Karajan: Adam - Giselle (APE)
Karajan: Adam – Giselle (APE)

Composer: Adolphe Adam
Orchestra: Wiener Philharmoniker
Conductor: Herbert von Karajan
Audio CD
SPARS Code:
Number of Discs: 1
Format: APE (image+cue)
Label: Decca
Size: 267 MB
Recovery: +3%
Scan: yes

01. Giselle / Act 1 – Introduction
02. Giselle / Act 1 – No. 1 Les Vendangeurs
03. Giselle / Act 1 – No. 2 Entrée du Prince
04. Giselle / Act 1 – No. 3 Loys seul – Entrée de Giselle
05. Giselle / Act 1 – No. 4 Retour des Vendangeurs – No. 4(bis) Valse
06. Giselle / Act 1 – No. 5 Pas de Deux
07. Giselle / Act 1 – No.5b La Chasse
08. Giselle / Act 1 – No.7 Marche des vignerons
09. Giselle / Act 1 – No.7a Variation de Giselle
10. Giselle / Act 1 – No. 8 Galop
11. Giselle / Act 1 – No. 8(bis) Final
12. Giselle / Act 2 – No.10 Apparition et scène de Myrtha
13. Giselle / Act 2 – No.11 Apparition de Giselle
14. Giselle / Act 2 – No.13 Entrée de Loys
15. Giselle / Act 2 – No. 14 Scène des Wilis (Entrée d’Hilarion)
16. Giselle / Act 2 – No. 15 Grand pas de deux: a) Andante
17. Giselle / Act 2 – No. 15 Grand pas de deux: b) Variation de Loys
18. Giselle / Act 2 – No. 15 Grand pas de deux: c) Variation de Giselle
19. Giselle / Act 2 – No. 16 Final

Excellent performances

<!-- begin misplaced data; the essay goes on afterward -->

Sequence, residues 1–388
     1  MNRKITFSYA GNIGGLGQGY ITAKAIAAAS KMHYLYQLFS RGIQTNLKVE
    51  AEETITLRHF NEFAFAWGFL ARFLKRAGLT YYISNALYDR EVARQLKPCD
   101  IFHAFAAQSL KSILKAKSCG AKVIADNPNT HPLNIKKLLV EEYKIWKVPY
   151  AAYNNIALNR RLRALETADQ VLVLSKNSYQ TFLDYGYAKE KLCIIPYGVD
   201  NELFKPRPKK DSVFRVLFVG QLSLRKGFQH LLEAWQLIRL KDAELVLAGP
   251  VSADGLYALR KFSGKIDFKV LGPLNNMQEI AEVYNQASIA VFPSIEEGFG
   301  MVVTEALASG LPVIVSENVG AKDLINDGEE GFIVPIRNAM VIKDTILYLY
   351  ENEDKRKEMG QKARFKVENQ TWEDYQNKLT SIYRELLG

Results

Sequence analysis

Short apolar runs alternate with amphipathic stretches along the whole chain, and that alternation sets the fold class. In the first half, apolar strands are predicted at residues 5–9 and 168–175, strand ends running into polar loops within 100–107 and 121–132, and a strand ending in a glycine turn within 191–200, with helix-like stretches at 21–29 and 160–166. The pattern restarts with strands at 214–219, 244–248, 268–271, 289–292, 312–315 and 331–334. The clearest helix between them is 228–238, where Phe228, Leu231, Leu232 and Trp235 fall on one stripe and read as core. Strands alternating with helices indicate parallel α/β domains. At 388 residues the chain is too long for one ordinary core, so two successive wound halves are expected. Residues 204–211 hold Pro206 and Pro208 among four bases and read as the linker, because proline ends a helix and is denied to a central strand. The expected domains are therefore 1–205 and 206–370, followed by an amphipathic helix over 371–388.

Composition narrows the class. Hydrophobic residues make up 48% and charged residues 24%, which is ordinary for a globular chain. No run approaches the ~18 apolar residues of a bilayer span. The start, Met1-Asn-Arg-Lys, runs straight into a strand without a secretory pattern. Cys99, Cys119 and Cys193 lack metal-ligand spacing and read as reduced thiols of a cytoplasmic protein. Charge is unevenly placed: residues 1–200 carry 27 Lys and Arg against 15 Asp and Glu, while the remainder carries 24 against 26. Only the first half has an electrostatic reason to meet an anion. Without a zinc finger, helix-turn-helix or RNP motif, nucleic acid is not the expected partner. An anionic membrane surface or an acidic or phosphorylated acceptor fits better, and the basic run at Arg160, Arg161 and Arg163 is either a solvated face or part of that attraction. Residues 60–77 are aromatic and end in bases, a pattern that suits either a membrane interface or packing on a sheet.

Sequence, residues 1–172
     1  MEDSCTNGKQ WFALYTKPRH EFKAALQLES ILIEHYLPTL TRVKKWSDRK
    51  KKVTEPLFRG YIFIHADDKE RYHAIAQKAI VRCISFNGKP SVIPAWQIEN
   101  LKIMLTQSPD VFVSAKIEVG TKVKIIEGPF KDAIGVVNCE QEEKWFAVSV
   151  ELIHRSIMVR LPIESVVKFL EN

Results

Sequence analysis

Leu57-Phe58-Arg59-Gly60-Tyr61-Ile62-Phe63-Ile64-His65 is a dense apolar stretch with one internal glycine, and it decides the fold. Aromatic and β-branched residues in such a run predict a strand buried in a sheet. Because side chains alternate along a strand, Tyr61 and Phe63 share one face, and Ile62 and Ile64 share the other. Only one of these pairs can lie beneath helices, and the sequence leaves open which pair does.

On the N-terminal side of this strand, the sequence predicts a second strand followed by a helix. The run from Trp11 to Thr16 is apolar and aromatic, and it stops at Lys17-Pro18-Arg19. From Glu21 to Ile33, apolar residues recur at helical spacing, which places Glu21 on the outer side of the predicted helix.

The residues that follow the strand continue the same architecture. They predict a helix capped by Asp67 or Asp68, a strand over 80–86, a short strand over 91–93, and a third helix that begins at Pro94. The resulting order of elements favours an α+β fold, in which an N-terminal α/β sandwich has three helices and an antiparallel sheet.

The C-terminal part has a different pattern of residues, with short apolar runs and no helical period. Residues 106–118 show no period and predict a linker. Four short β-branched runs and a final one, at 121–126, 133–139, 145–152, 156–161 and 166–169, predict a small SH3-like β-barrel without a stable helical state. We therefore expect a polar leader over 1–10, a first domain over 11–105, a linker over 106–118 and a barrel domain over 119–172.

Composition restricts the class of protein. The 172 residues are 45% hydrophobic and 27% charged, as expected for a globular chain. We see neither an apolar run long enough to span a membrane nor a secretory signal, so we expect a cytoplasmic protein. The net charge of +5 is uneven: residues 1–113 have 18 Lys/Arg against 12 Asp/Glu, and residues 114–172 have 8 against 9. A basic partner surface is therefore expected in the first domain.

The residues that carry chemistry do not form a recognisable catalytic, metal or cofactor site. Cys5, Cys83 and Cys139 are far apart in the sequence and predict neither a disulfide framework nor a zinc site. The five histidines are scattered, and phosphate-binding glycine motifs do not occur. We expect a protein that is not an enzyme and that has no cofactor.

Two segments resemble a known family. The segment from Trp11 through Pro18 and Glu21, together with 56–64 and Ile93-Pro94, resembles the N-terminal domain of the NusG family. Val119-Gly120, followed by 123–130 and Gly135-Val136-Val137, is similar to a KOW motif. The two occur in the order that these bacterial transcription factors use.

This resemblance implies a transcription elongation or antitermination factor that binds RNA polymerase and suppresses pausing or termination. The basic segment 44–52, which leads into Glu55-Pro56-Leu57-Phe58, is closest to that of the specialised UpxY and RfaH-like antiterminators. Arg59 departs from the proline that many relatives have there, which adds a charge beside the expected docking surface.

Adolphe Adam’s Giselle has been a favorite of ballet houses for quite some time now, and in one sense it is not hard to see what ballet enthusiasts find attractive about this succession of tuneful, delightfully scored numbers. On the other hand, the work is obviously and almost painfully inferior to the later works by Delibes or Tchaikovsky. The music is atmospheric, tender and includes some rather magical touches, true, but so do a huge number of ballet scores from around the same time and later. In sum, I have to admit that I find the continued popularity of this work somewhat puzzling and suspect it is more due to the inertia of tradition rather than any profound assessment of the intrinsic qualities of the music.

That said, this somewhat shortened version under Karajan provides a more than worthwhile musical experience, not the least because of Karajan’s approach to the score – here, the music emerges as darker and more profound than in many alternative recordings; Karajan seems not to give any thought to the fact that this is music composed for dancing, and prefers rather to view it as something close to a symphonic poem – dramatic and bold and lush. By the same token, I guess this is a version that won’t appeal to all people, and least of all to the regular balletomane. Still, Karajan makes something out of Adam’s music that few others have come even close to doing, and as such I am willing to give it a firm recommendation. Sound quality is excellent; warm and lush and spacious.

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